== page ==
For a long time, I had been trying to break away from the monotony of business literature and venture into something entirely different. I am glad that I picked up David Bodanis’ “E=mc² – A Biography of the World’s Most Famous Equation”. The significance of the equation notwithstanding, there are not many authors who I believe have endeavored to lift the shroud from this equation. David Bodanis, I must say, has done a commendable job of deciphering the world’s most famous and the most tantalizing equation. I mentioned ‘tantalizing’ because this is by any yardstick the easiest equation to remember yet only a few can explain the scale of its ramifications.
What Bodanis has successfully achieved through this book are a couple of things. Firstly, he makes the equation and its implications far more fathomable for ordinary folks. Secondly, in addition to educating the readers about the equation, he also shines the spotlight on a host of historical figures and events that were pivotal to the formation and the subsequent recognition of E=mc2. He digs into the annals of history and comes out with short, biographical stories of notable scientists like Michael Faraday, Laurent Lavoisier, James Clerk Maxwell, Ernst Rutherford, Robert Oppenheimer and not to mention, Albert Einstein. By synthesizing the achievements of these and many other scientists, Bodanis manages to build a coherent block called ‘E=mc2‘.
Taking on Einstein’s most coveted work is no modest task. I presume that prior to committing himself to the book, Bodanis must have confronted the thought of running into several knotty problems. Much to the reader’s satisfaction, not only does Bodanis hit the high spots but he also manages to inhibit himself from dumbing down the technical subject matter. In the end, Bodanis manages to walk the tightrope quite exquisitely.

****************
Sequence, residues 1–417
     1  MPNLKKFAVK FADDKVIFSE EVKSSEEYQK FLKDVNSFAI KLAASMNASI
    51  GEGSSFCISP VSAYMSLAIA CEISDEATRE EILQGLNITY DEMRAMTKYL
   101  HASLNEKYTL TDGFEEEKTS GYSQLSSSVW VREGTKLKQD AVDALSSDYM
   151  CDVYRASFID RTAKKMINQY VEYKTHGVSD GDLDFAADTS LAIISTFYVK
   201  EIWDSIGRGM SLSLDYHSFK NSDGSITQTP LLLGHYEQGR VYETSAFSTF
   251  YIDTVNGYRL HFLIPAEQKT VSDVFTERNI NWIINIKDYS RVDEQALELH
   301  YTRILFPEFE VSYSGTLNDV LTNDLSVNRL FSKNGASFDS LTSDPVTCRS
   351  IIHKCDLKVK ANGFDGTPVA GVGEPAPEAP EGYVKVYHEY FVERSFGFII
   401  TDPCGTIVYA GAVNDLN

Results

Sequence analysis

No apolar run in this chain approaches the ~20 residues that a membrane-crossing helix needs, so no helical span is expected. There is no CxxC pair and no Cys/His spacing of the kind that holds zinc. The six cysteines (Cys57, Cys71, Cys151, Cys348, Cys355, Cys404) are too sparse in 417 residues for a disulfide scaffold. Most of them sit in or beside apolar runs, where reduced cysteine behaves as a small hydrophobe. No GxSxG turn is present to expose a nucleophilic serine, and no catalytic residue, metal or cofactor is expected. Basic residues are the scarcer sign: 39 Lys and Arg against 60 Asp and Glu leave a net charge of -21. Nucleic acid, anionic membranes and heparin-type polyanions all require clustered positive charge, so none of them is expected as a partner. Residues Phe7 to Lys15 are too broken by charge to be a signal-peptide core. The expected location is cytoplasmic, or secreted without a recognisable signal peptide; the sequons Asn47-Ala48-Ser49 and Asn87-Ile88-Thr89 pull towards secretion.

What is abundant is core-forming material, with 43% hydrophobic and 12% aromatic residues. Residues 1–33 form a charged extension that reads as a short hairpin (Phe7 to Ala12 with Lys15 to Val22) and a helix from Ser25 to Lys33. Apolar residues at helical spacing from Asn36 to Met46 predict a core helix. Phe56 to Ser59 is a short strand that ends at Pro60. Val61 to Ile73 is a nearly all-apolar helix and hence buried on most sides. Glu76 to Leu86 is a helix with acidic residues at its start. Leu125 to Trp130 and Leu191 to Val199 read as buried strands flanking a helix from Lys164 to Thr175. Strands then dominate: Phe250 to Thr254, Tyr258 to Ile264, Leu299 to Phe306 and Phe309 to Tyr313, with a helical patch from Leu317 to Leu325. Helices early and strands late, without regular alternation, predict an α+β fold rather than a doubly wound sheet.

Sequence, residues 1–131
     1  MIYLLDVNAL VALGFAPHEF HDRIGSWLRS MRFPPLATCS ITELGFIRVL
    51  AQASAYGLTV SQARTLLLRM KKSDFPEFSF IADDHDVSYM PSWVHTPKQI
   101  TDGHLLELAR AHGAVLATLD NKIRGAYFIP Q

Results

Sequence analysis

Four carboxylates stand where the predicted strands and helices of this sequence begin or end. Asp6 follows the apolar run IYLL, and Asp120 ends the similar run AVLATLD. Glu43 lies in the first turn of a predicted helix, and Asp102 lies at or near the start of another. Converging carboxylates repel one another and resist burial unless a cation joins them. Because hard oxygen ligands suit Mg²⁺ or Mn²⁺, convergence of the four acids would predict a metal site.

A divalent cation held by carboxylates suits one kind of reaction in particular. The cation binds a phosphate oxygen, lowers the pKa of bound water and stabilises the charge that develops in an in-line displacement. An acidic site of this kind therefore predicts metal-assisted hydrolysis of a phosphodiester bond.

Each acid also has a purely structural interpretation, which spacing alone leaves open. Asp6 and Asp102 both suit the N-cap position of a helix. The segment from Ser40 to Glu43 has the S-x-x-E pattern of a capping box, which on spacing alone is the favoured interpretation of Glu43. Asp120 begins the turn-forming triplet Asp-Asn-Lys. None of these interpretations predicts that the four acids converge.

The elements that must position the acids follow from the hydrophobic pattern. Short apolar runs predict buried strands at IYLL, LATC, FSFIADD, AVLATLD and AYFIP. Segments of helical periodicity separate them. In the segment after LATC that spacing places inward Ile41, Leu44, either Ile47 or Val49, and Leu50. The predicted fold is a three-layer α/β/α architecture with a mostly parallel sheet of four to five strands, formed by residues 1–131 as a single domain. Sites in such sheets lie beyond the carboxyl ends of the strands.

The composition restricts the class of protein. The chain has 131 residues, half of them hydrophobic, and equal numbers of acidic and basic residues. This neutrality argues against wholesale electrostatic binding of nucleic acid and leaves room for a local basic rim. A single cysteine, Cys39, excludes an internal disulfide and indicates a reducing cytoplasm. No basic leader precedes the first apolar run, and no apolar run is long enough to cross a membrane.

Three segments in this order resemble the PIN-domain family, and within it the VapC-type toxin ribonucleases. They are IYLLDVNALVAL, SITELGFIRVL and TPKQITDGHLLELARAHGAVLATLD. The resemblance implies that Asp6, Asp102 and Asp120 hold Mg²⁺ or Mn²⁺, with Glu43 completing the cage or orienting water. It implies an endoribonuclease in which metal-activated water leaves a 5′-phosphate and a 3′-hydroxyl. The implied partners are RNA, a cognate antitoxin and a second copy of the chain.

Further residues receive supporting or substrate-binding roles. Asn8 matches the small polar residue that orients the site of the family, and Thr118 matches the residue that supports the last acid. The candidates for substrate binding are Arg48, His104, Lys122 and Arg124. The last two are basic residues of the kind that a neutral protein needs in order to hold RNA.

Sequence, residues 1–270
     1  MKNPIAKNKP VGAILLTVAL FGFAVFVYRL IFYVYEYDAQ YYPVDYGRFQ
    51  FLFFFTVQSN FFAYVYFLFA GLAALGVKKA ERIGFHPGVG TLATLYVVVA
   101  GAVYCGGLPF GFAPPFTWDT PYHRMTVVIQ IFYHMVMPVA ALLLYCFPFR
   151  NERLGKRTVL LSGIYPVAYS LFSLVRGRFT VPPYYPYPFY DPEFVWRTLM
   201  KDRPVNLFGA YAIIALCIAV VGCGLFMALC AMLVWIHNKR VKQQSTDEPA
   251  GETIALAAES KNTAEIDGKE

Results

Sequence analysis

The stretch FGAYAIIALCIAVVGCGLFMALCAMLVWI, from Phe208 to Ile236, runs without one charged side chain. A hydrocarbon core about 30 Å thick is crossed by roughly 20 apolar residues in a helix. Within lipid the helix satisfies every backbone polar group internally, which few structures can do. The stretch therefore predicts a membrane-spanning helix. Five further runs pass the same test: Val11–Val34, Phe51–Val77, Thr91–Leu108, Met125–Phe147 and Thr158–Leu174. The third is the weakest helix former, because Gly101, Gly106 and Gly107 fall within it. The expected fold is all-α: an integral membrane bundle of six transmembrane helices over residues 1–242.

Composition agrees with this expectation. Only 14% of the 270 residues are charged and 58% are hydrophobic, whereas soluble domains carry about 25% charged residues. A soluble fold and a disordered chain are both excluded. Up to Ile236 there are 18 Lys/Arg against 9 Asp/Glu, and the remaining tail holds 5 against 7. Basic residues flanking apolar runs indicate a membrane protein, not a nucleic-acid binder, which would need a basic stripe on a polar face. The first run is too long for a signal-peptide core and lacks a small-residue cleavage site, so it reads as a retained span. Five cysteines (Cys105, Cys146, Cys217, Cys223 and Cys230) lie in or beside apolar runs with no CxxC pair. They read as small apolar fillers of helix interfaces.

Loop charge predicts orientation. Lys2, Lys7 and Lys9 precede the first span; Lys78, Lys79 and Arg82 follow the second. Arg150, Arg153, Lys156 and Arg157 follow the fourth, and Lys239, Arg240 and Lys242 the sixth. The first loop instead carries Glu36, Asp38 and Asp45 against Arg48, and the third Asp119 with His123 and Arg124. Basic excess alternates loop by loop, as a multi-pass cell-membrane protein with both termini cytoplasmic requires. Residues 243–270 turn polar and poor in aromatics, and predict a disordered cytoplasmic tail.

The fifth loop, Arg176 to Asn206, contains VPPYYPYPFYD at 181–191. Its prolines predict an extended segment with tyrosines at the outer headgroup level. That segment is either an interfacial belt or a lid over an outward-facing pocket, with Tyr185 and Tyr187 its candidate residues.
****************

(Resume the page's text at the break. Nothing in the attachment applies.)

Author starts off the book by explaining each constituent of Einstein’s equation: ‘E’ for energy, = for equals, ‘m’ for mass, ‘c’ for celeritas (speed of light) and even the square that sits pretty atop ‘c’. Going forward, he turns the focus of readers from year 1905 to the WWII events such as one-upping between the US and Germany towards building of the world’s first atom bomb. By the end of WWII, Einstein’s equation had fully come of age.
Some of the other highly intriguing accounts depicted in the book include Ernest Rutherford and James Chadwick’s discovery of protons and neutrons respectively, Otto Hahn and Lisa Meitner’s work on radioactivity and nuclear fission, Werner Heisenberg’s role in Germany’s Atom bomb project, Robert Oppenheimer’s contribution in the Manhattan project and Cecilia Payne’s discovery that the sun mainly consists of Hydrogen. The intelligible manner in which Bodanis connects all the dots pertinent to the equation is laudable.
Bodanis’ example in context of mass-energy equivalence that an object gains mass when its speed approaches the speed of light has come in for most criticism from many perfectionists who call it a popular misconception. Author also appears to have a strong bias against Heisenberg whom he almost paints as an Evil genius. Evidence of Heisenberg’s real motives has been, however, quite conflicting. Some say he deliberately led the German establishment on. Author’s treatment of Otto Hahn also borders on the harsh.
Lastly, the author makes a conscious effort to simplify much of the scientific content of the book so that an average intellectual could also imbibe the basics to the best of his ability. However, there is only a thin line between simplification and oversimplification. And evidently, many a time, even the sincerest of efforts to simplify things can lead to inaccuracies and deviations. As a result, David Bodanis’ work may not amuse the purists, but for a layman it offers a comprehensible insight into the birth of the fabled equation.